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Payments vs Privacy

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According to a report by KPMG International, 55 percent of consumers globally said they had decided against online shopping due to privacy concerns. Furthermore, less than 10 percent of consumers feel that they have control over the way organisations handle and use their data. 

“An executive would be at risk of being fired if half their customer base disappeared after they made a crucial business decision,” said Nathan Desfontaines, KPMG’s Cyber Security Manager in South Africa. “Failure to imbed privacy into the DNA of their business strategy could ultimately lead to the extinction of a business given how closely consumers and regulators alike are paying attention to how organisations collect, store and use personal data.”

‘Creepy’ versus ‘cool’

When it comes to the global attitudes on the usages of personal data, consumers draw the line in dramatically different places.

What one consumer finds ‘creepy’ …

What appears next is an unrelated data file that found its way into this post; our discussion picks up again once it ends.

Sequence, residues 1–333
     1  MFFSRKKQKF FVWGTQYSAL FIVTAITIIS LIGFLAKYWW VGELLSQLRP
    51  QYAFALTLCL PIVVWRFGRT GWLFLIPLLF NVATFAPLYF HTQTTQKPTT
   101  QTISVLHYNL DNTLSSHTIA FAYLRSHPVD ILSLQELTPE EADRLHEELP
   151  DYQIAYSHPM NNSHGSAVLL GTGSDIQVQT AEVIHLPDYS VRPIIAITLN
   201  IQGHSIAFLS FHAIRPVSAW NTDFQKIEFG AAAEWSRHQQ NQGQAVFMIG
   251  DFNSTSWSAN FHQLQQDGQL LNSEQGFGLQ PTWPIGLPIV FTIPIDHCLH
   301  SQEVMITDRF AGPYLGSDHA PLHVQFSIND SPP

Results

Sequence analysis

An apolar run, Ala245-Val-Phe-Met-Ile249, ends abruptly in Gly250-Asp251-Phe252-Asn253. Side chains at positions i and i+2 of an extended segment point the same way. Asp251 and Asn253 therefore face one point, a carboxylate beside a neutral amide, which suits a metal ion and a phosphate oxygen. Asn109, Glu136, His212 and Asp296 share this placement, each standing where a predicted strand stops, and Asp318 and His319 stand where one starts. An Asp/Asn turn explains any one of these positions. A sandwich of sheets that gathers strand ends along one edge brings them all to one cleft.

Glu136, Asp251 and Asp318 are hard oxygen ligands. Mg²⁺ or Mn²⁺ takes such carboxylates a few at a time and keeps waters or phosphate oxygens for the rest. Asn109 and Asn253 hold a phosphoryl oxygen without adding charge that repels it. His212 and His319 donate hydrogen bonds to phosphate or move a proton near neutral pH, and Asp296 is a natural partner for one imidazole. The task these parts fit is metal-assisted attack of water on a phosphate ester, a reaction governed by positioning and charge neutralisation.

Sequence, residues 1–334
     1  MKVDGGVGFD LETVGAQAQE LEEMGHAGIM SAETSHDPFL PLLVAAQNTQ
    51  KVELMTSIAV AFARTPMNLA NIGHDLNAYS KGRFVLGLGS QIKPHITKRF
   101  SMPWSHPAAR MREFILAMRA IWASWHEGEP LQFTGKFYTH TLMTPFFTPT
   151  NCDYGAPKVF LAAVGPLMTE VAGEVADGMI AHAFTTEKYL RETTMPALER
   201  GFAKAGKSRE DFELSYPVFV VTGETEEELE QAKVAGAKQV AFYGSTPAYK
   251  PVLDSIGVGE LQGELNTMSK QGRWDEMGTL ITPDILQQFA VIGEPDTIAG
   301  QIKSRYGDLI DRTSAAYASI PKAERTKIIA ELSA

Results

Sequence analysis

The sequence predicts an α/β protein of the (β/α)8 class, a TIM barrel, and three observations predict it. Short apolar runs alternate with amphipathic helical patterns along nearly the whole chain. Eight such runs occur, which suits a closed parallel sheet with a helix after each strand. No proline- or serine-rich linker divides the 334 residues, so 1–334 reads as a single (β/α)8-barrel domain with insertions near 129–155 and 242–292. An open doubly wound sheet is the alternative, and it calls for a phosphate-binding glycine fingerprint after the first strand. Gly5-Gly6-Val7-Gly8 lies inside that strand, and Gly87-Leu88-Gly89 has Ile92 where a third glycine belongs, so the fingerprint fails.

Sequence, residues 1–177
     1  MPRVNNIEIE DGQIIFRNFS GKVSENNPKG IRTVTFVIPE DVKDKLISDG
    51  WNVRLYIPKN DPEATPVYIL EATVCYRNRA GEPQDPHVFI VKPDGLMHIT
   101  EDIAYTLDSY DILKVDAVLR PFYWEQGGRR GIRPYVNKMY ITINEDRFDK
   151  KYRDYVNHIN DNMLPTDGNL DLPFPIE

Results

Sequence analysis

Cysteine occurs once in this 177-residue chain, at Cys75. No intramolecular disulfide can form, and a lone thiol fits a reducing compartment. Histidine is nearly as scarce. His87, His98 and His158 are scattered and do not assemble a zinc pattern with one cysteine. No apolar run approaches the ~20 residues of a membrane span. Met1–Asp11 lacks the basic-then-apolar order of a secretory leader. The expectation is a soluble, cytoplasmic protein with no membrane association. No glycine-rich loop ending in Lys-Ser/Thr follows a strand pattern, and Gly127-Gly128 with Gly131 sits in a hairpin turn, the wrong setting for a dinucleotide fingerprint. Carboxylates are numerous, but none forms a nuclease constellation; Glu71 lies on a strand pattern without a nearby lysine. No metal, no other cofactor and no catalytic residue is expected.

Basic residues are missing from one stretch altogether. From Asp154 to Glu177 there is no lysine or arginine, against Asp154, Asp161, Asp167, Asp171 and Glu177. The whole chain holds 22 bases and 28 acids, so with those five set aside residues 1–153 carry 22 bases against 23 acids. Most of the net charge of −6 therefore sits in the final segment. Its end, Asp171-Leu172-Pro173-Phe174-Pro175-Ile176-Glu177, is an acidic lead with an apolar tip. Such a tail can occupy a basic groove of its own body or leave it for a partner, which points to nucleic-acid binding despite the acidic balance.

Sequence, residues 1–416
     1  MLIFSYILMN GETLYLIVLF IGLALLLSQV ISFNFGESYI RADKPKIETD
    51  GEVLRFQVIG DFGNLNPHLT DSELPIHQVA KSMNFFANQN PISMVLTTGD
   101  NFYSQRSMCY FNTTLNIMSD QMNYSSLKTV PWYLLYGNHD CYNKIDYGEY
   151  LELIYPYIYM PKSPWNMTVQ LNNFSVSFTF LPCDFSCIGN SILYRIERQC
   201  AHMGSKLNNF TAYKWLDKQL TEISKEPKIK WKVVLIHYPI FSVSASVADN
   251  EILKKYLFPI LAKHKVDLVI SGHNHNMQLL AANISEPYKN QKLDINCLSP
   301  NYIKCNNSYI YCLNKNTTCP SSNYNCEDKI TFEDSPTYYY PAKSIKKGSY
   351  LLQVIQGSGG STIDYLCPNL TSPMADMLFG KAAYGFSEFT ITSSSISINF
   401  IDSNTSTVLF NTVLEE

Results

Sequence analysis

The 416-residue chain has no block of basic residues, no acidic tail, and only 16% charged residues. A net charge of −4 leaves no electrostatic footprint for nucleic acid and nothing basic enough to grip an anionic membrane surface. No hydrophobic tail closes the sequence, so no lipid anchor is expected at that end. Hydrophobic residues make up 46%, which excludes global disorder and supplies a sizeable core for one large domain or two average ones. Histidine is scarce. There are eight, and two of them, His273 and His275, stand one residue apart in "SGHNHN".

·         82 percent are not comfortable with the sale of their data to third-parties in exchange for the speed, convenience, product range, home delivery and price comparison that online shopping offers

·         55 percent said a free fitness tracking device that monitors the well-being of users and produces a monthly report for them and their employer is crossing the line

Another finds cool…

·         78 percent think telematics devices that enable emergency services to track their customers’ vehicles are a good thing

·         57 percent are happy to have a smart energy meter installed that enables a provider to deduce how many people live in a home, when they eat and sleep, and the appliances used

While concerns around the “creepy line” vary, the overall top three concerns about the way organisations are handling and using their personal information were: unwanted marketing; personal information being sold on to third-parties and lack of secure systems. The survey found that strong cyber security systems (32 percent) are the most effective thing an organisation can do for customers to trust them with their personal data.

Data sharing

Over half of survey respondents said they were willing to share their gender, education or ethnicity online, while a considerably lower proportion were happy to share more sensitive information, such as location (16 percent), address (14 percent) or medical records (13 percent).